Overall, I think most of us would agree (Christian or not) that Christianity is generally a good thing, about promoting goodness for people (of all shapes, colors, and creeds), and yet, sometimes we do damage. Obviously, with the Crusades, we did more than "damage". We (whether we participate or not) also often are known for berating people about their damnation so that they might believe. Those are the obvious ones. But I think there are more subtle ways *we've* done damage.
The other day I was talking with a woman about her faith journey. She had a number of things on her mind and hoped I could help. The first thing we talked about was forgiveness. She shared that someone near to her told her, "You need to forgive X or you won't be forgiven and you will go to hell." Well, yes, scripture does say that we have to forgive in order to be forgiven, but I think that simple-matter-of-fact statement takes a number of things for granted.
#1 It was not a given that the person I spoke with, let's call her Georgia, hadn't forgiven X. Her "adviser" simply assumed she hadn't.
#2 Forgiveness can be a process. The words "I forgive you" can be given simply and quickly, but the emotions tied to unforgiveness can take time to work through.
#3 It puts the onus of the forgiving--the weight of the sinful actions--on the victim. The victim now becomes responsible for the abuser's actions. I'm not saying that victims shouldn't forgive, but I am saying that all too often when someone has been hurt/abused/mistreated we hand them the responsibility (and the damnation) for forgiveness (in other words, he harmed her, and now she's damned to hell because of the wounds he left...that may be overly simplistic, but hopefully you get the idea). That's a bit lopsided in my mind. The abuser has a responsibility and accountability in this too: repentance (which means a changing of action, not just a simple "I'm sorry").
I walk with a pastor/pastoral counselor regularly and she shared something really interesting about forgiveness and the scriptures. She said that often when forgiveness is mentioned in the New Testament (I don't know about the Old) that it has to do with debt, and the owner/powerful/money-holder forgiving the debt. In other words, it calls those who have more (property, money, power) to be forgiving (lenient, giving, merciful) rather than the other way around. I'm not sure exactly where to go with that from here, just that I thought it was interesting.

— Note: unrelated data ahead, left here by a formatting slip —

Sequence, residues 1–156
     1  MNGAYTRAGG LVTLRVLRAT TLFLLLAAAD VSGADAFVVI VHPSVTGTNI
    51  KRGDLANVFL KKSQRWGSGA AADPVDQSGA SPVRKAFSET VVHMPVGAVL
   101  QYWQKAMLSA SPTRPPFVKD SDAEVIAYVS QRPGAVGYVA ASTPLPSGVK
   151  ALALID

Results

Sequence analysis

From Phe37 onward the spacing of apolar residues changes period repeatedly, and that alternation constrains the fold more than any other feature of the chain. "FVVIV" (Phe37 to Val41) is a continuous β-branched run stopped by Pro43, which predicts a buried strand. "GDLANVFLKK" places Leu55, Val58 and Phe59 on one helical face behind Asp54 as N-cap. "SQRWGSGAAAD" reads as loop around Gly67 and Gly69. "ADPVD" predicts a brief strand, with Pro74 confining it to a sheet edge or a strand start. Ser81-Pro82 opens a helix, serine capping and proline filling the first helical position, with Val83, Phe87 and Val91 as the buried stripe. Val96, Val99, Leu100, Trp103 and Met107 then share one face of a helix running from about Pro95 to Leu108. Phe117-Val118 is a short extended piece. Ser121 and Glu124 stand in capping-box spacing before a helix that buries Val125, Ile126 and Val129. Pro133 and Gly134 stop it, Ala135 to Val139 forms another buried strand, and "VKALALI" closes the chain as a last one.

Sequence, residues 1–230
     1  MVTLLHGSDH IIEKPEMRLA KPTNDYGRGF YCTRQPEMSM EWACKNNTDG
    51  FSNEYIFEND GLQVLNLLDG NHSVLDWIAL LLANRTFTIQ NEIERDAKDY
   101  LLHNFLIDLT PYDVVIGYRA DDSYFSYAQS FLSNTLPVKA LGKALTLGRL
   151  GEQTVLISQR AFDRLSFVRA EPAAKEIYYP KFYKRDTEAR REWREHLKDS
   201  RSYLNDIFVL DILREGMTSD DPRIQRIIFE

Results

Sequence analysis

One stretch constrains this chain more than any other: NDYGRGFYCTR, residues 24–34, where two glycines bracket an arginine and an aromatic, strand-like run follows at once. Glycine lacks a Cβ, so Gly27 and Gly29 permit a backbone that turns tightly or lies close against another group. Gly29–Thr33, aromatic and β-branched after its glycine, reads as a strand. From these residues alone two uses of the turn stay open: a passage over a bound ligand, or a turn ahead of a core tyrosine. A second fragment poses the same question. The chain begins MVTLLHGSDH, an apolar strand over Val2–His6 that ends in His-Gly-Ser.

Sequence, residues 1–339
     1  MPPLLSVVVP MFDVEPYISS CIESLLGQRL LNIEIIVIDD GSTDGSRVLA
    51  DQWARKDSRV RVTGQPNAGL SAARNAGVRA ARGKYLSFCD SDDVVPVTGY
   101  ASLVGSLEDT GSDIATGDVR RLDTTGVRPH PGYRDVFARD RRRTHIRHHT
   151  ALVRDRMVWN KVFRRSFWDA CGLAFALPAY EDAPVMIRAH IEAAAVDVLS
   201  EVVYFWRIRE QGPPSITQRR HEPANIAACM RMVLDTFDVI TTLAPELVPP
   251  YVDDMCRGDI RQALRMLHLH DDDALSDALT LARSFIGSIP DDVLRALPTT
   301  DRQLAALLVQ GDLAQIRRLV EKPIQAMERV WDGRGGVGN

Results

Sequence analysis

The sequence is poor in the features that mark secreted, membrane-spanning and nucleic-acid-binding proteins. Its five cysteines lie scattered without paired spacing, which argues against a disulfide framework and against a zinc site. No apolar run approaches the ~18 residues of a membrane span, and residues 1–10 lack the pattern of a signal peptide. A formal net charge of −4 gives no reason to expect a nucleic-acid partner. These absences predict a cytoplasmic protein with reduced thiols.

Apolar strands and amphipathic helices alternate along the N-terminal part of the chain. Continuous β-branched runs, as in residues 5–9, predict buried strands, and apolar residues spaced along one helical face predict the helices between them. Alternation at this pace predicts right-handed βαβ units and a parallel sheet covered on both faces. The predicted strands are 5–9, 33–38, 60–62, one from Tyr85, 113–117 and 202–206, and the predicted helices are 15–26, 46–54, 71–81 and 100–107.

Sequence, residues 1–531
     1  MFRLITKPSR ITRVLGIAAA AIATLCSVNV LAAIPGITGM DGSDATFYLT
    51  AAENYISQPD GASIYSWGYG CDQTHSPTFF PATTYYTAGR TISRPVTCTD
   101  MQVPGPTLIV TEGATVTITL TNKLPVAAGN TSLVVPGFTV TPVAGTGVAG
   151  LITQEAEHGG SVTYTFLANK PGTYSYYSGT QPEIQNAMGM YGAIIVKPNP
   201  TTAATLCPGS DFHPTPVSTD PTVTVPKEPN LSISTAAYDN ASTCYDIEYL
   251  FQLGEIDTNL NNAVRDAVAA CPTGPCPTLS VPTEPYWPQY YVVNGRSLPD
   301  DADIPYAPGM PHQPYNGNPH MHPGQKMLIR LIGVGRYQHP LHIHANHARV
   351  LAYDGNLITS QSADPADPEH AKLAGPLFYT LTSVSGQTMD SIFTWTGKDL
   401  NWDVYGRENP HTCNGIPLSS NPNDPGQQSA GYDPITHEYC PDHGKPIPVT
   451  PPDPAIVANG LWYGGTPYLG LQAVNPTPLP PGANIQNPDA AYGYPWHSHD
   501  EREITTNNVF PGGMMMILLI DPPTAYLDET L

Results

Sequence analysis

Another thing Georgia mentioned in talking with me was pride/humility. Mostly she talked about how hard she is on herself and then she talked about feeling "good" when she had helped someone in need, and then feeling bad that she was being *prideful*. My heart broke for her. She couldn't/wouldn't even allow herself to enjoy the good feelings of helping someone. I can't help but think the church is partly responsible for this one too, in that we preach against pride so much and for our "sinful nature" that we've forced a skewed view of ourselves. If we aren't constantly critiquing ourselves for our faults/sins/misgivings, then we're edging on pride. But I think that's wrongheaded. My counselor in seminary gave me great advice about humility, he shared that humility is not the opposite of pride, self-deprecation is. Humility, rather, is thinking neither too high, nor too low of yourself. So to be humble is to both know your faults and to appreciate your gifts--a happy medium of sorts.
As we talked more about her good feelings, I told her they were a gift from God--the way we know we're doing what God would have us do. I told her I know that I am truly living my call when I teach and preach and help people, and I know that from the tremendous sense of joy I feel. I shouldn't negate that feeling, and neither should she--it's a gift from God.
It's often in the subtleties that we are misunderstood, or that we misunderstand, and often, when we do harm. Sometimes it's semantics, and no we can't be responsible for every possible take on every possible word we use, but we do have to be careful, especially if you're a preacher of the word--God's word. You're words often carry greater authority, greater meaning, and a sharper edge and you must proceed with caution. We are responsible for the well-being of the flock, and often that means navigating pronouns for the divine, offering space for healing, and time for forgiveness, and grace for all.